The Centre has asked a panel set up to resolve the ongoing stand-off at Jawaharlal Nehru University to compare its current hostel fee structure with those of other central universities, especially those located in the national Capital. The panel was also asked to discuss the issue with JNU Vice-Chancellor.
The Human Resource Development (HRD) Ministry sent a letter to the three members of its high-power committee on Tuesday, a week after the panel submitted its report with recommendations on ways to resolve the crisis.
The panel, which comprises former University Grants Commission (UGC) chairperson V.S. Chauhan, current UGC Secretary Rajnish Jain and All India Council for Technical Education chairperson Anil Sahasrabudhe, had submitted its report after a week of consultations with student representatives, hostel presidents, teachers and university deans. Vice-Chancellor M. Jagadesh Kumar did not meet the panel members during that process.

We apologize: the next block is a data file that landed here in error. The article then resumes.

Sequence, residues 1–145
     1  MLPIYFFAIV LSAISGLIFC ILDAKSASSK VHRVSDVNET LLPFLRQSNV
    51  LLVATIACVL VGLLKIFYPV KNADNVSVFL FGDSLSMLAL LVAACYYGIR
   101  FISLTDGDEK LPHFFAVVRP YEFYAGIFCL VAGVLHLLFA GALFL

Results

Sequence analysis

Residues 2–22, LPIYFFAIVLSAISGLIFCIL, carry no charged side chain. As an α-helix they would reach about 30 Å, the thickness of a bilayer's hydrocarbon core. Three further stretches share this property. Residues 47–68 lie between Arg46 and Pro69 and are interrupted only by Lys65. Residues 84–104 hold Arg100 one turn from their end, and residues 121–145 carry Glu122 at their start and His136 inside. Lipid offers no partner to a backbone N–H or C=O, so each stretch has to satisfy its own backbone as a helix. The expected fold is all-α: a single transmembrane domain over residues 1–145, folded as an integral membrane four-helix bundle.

In its letter, the HRD Ministry referred to the panels report, which has not been made public despite repeated demands from JNUs student leaders and teachers association. In order to examine the matter further, it is requested that the committee may please get the comparative analysis of the hostel charges of JNU [after the second roll-back was announced] vis-a-vis other central universities particularly located in New Delhi, said the letter.
The committee is also requested to discuss with the Vice-Chancellor, JNU, to get the administrations perspective of the entire issue, added the letter. The panel was asked to provide the Ministry with these inputs at the earliest.
The students agitation, which has involved mass marches, a lathi-charge by the police and a planned boycott of examinations, revolves around the JNU administrations decision to hike hostel fees.
Monthly room rent was hiked from 20 for a single room to 600, and from 10 to 300 for a double sharing room, apart from introducing new service and utility charges of about 2000 per month.
The university revised the hike twice in the wake of protests, halving service and utility charges for all students and offering a 75% reduction for those below the poverty line. However, the students have demanded a complete roll-back of the hike in fees.